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Players, coaches react to scrum


'That pisses a lot of people off' - Players, coaches react to scrum annihilation

South Africa’s domination of the England scrum set the tone and the platform for South Africa’s 32-12 Rugby World Cup final win in Yokohama.

Despite being 20kg lighter than the 920kg English pack, the South Africans won six scrum penalties in the first half alone, earning kickable points for Pollard and destroying any chance of a set-piece platform for the English.

Springboks’ head coach Rassie Erasmus was however reluctant to divulge too much detail of his plan to undermine one of his opponent’s primary strengths.

“I don’t want to sound very clever afterwards because that pisses a lot of people off. It is a spin-off the way we have played the last five games, keep it tight especially in the six-day turnaround.”

Loosehead Tendai Mtawarira admitted it was an area that South Africa were focusing on.

“As a Springbok pack we take a lot of pride in our set-piece,” noted ‘The Beast’. “All tournament it’s been working for us up front. We went out there to get ascendancy and it was great to get a few penalties in the first half.

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“We wanted to get ascendancy up front. It’s something we have been working on for a long time to improve it. All the hard work paid off tonight. All eight made a huge difference.”

He did however off his commiserations to England tighthead Kyle Sinckler. The Harlequin was forced off after just three minutes following an accidental collision England lock Maro Itoje.

“It’s never nice to see a player come off so early in the game. He’s had a great tournament and been playing really well, so I feel sorry for him.”

Replacement Steven Kitshoff was left in awe of the job the Boks frontrow did on England.

“Beast, Mbongi and Frans (Malherbe) put on a massive performance when it came to scrum time. They put the English pack under so much pressure.”

England forwards coach Steve Borthwick was magnanimous in face of the superior pack performance of the South Africans.

“Credit to South Africa for what they did, especially in that first half when they got the ascendancy. We’ll look at it. Do I have the reasons right now? No, I don’t. It’s something we have to look at closely and think about.”

South Africa assistant coach Matthew Proudfoot was understandably proud of his charges’ set-piece performance.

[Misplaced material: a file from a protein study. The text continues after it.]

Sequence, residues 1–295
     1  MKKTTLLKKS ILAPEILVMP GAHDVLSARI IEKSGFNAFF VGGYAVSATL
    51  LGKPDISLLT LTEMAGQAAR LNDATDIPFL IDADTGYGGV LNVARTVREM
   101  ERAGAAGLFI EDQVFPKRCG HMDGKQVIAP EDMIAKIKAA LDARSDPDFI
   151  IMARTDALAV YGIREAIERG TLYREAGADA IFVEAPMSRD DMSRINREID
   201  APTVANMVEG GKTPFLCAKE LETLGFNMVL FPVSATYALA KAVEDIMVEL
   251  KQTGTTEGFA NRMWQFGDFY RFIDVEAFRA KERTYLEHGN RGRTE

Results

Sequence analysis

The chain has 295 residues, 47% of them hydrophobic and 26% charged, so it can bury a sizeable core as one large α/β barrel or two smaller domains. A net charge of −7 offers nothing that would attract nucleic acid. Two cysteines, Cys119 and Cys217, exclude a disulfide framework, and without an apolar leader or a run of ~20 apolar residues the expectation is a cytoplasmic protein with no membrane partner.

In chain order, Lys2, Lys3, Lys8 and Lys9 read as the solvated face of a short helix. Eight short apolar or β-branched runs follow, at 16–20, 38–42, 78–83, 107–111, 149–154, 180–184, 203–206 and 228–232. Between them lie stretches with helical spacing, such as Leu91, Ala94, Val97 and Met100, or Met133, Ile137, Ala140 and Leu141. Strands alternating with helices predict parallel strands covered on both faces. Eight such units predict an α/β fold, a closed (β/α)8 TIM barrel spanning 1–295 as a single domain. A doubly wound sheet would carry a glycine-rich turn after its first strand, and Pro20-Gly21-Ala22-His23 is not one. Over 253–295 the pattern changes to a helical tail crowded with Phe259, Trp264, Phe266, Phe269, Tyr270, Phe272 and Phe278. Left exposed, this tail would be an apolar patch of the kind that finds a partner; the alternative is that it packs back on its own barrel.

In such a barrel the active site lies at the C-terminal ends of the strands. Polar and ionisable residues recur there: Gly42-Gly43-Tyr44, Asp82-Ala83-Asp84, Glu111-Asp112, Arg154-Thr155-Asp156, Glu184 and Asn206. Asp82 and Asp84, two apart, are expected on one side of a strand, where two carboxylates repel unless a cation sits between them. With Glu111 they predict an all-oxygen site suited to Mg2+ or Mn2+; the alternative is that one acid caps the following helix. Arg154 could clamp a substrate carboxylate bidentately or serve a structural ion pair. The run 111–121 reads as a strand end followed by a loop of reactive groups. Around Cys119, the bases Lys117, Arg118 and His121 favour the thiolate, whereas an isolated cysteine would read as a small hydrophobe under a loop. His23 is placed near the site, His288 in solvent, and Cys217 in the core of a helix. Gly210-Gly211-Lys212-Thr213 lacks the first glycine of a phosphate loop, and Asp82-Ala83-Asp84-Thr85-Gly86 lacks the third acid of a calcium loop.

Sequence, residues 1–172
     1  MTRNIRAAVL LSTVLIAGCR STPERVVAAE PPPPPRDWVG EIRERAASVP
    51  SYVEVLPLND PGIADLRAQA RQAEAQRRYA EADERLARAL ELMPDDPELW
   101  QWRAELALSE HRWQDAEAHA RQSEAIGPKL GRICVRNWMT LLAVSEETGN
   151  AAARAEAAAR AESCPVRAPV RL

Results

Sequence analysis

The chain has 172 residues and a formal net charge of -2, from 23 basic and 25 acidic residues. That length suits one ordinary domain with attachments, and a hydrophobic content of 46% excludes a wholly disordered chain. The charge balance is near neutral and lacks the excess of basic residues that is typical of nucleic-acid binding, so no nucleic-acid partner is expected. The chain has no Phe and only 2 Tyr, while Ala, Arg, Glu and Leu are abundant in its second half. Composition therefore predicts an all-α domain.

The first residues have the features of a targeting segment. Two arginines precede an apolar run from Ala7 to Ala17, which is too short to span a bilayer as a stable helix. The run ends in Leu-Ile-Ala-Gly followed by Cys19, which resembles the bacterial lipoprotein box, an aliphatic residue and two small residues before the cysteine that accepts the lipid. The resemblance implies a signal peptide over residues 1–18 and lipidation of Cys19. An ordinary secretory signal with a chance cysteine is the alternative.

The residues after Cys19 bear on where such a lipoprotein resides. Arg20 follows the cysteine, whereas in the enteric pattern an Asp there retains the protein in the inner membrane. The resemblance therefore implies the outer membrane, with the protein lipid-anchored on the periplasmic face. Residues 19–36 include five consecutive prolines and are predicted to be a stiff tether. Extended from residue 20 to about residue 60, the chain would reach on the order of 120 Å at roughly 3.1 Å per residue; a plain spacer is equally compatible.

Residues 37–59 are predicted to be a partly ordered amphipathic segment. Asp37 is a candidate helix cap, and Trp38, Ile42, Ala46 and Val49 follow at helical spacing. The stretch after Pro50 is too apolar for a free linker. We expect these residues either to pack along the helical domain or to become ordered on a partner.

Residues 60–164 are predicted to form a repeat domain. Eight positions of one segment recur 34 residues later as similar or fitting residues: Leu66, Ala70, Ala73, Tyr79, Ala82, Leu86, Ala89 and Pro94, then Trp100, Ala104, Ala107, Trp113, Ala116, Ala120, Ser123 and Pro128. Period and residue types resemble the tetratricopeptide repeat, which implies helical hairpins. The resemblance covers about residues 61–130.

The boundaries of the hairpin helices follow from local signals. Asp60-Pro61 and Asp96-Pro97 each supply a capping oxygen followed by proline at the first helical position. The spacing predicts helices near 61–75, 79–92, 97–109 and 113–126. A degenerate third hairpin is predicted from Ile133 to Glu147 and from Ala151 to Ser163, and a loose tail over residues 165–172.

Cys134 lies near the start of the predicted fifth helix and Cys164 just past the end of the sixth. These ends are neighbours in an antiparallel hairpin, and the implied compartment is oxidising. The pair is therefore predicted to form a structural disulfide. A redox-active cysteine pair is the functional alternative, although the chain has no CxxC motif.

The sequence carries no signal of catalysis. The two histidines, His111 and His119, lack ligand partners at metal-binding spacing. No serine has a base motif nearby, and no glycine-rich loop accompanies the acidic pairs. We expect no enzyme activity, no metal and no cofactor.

“There is incredible belief in our scrum, in what we do, it’s something the pack really thrive on. We’ve been seeking eight front row forwards.

“We knew in play-off rugby it’s so crucial, we’ve been developing pressure points. I would not say England have any weaknesses at the scrum, they’ve been great. They put New Zealand under pressure.

“We take pride in our scrum. Losing your starting tight-head after a first few minutes must be tough to respond to. It gave us a chance to get a foothold and put pressure on them.”

“That first scrum allowed us to keep applying the pressure. we said after that let’s keep looking for more scrums.

“I must say Beast (Tendai Mtawarira), a man who has 119 caps, stays hungry as anything. On Monday he said, ‘what can I work on in my game’?

“I said, ‘let’s just worry about the final’. He’s been really exceptional and wanting to end his career on a high note. I thought he was great tonight.”

Sam Underhill seemed in the ‘dark’ about what happened: “The dark arts are lost on me, mate, I just get my head down and push. We spoke a bit about it, the boys that needed to speak about it spoke about it. It did get better which is a good thing.”

Springbok tighthead Frans Malherbe: “The game worked out well for us. The scrums went well in the first half and, as a prop forward, there is nothing more you can ask for. Really, really happy with the performance from everyone.

“We tried to isolate ourselves from all those talks going on outside. We had our plan and tried to stick with our plan.

“We only had two training days and the focus was on executing our plan, and all the outside noise and mind-games or whatever.”

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'That pisses a lot of people off' - Players, coaches react to scrum annihilation
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